When I am not working for Albany Presbytery or my congregation, I am often involved in the work of the Network of Biblical Storytellers (http://nbsint.org/). Our mission is to “encourage everyone to learn and tell biblical stories” and by that we mean the world over.  To that end I’ve been on several mission trips with the Network; to the Gambia, Cameroon, and lately Haiti.

Our way into Haiti was via an organization called MURR International, (MURR is French Kreyol acronym for United Mission for Reform and Revival. It is a Pentecostal based mission, but since most Protestants in Haiti are Pentecostal, it served as an entry point to Haiti.  Along with its lively focus on Holy Spirit, MURR is seeking to build a church based job and entrepreneurial skills training campus in Haiti, an effort that I recognize is most needed in this nation that has a 40 percent unemployment rate by conservative estimates.

While in Haiti I introduced biblical storytelling to a Baptist college, four different churches where I taught during the day and preached at evening revivals, and visited at several other schools and mission sites. It was a busy nine-day visit.  MURR is supportive of biblical storytelling as it is fully aware that about 50 percent of Haitians cannot read, and those that can, are neither encouraged to read their Bible by their churches, nor do they often hear the Bible in worship. The reason the Bible is downplayed in Haitian churches is that most of the Pentecostal pastors watch American TV preachers as their “continuing education,” and seek to mimic them as the ideal. As you may or may not know, when the Bible is used by such preachers it is often proof-texted, that is, taken out of context, as support for whatever the preacher is saying. The reason Scripture isn’t read is that frankly it is considered boring TV and will lead watchers to change channels.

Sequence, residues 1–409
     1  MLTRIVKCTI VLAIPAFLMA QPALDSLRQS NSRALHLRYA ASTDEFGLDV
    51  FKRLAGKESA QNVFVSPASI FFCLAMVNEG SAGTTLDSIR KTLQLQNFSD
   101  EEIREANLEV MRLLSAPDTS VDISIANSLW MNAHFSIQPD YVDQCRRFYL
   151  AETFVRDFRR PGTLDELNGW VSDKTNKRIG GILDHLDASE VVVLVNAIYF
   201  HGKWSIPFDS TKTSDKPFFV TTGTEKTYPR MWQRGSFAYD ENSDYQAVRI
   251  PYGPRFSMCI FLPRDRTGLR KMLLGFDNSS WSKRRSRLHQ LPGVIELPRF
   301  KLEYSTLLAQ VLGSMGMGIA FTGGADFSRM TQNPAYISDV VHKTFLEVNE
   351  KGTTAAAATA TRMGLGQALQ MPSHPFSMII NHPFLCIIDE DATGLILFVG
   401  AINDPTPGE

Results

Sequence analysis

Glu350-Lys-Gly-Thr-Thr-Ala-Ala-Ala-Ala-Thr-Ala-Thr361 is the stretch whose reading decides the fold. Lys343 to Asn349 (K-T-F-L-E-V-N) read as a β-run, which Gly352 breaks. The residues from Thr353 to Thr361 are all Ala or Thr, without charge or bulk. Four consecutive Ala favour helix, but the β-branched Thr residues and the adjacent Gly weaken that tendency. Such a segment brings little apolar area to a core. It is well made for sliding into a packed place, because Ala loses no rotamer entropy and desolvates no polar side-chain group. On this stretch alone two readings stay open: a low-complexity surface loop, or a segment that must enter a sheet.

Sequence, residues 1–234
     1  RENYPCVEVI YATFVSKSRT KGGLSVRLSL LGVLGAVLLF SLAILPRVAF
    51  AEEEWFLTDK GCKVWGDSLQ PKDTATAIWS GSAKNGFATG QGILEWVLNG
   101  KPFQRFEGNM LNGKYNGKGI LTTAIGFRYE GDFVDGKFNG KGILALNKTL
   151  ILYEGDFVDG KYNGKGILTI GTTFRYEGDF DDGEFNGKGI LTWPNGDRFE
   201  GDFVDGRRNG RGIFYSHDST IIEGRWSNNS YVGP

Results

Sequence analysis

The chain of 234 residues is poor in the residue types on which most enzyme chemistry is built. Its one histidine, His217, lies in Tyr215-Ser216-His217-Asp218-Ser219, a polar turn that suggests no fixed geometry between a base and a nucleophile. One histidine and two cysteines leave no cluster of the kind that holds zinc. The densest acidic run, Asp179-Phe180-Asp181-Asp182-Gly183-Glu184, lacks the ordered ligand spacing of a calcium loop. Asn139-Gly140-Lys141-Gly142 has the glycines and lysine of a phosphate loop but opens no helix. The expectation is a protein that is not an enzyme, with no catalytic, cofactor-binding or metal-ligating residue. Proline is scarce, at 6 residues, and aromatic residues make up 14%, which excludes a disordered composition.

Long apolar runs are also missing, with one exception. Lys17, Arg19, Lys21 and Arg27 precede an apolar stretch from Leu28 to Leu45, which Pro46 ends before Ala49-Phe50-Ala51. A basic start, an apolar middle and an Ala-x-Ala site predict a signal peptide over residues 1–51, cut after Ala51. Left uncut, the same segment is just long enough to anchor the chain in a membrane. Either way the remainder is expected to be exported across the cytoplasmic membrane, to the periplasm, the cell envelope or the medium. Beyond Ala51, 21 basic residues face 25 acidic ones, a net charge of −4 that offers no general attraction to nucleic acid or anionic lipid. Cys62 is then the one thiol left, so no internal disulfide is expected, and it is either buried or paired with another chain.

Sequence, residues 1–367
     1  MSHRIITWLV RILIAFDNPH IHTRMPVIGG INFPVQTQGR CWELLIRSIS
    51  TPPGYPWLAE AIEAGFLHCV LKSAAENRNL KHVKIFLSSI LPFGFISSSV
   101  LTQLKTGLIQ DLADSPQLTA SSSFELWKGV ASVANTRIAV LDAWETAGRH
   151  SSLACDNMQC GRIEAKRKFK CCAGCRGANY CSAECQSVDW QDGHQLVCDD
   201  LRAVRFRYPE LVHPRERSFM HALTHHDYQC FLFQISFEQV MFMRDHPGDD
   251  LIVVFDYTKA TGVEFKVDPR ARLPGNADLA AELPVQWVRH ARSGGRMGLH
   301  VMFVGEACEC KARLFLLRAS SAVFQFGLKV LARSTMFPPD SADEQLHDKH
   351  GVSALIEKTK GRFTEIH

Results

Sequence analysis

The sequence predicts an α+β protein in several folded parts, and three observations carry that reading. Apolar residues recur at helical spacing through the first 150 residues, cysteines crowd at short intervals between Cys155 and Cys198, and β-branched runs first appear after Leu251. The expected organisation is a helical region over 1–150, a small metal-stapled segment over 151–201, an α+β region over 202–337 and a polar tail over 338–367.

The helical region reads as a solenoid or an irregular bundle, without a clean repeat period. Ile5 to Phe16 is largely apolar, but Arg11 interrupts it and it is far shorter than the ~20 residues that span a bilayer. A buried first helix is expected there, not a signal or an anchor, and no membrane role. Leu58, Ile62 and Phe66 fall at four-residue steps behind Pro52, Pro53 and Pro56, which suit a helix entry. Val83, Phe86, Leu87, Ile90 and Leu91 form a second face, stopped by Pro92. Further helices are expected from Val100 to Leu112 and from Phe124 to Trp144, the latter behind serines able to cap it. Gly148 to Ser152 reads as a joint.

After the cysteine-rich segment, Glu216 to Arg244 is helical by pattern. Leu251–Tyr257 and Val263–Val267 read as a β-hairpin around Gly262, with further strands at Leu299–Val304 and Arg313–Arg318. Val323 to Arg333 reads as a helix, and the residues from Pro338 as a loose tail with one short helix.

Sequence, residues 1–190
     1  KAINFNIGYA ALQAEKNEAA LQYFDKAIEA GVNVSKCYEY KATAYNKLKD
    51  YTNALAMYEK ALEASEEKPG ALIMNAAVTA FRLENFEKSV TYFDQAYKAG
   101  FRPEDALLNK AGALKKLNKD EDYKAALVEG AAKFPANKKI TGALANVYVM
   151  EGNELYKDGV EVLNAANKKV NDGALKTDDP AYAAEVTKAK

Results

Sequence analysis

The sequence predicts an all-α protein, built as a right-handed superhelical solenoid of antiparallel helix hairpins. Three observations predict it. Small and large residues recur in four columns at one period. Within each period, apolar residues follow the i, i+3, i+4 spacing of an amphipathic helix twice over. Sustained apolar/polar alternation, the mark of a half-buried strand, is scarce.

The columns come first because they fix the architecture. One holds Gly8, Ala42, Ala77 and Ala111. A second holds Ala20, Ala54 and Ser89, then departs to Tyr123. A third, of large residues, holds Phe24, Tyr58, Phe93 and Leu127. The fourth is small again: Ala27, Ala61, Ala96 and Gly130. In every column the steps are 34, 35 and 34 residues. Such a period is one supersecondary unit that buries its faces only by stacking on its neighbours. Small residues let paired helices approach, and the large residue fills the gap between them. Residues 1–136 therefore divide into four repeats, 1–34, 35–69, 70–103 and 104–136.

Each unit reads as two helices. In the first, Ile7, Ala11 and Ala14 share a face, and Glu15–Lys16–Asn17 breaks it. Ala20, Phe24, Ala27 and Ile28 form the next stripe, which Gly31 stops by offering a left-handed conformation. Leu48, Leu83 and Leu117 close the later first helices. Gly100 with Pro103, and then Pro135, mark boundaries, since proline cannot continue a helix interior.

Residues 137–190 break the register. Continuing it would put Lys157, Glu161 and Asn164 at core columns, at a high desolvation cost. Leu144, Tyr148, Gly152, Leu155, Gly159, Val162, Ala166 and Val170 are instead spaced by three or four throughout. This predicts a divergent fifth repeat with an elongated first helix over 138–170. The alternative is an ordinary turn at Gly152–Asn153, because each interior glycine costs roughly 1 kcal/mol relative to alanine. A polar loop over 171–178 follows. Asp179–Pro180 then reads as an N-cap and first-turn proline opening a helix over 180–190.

Biblical storytelling is viewed by this Pentecostal mission agency as the way to combat biblical illiteracy, or as we say in the Network of Biblical Storytellers, “to reverse our story poverty.” The question for us is whether there is a biblical story poverty among our own members, and if so what can be done about that?

About Rev. Dr. Tim Coombs

Tim Coombs serves as co-pastor of Trinity Presbyterian Church in Scotia, NY with his wife, Rev. Kathleen Gorman-Coombs and leads a New Worshiping Community, Parallels (https://www.facebook.com/ParallelsNWC). He also worked on staff at Albany Presbytery for over a decade. Besides his work for the church, Tim is a storyteller, biker, guitar player, and intern to his cat, Sharpie. You can reach Tim at: pastortim@scotiatrinity.org

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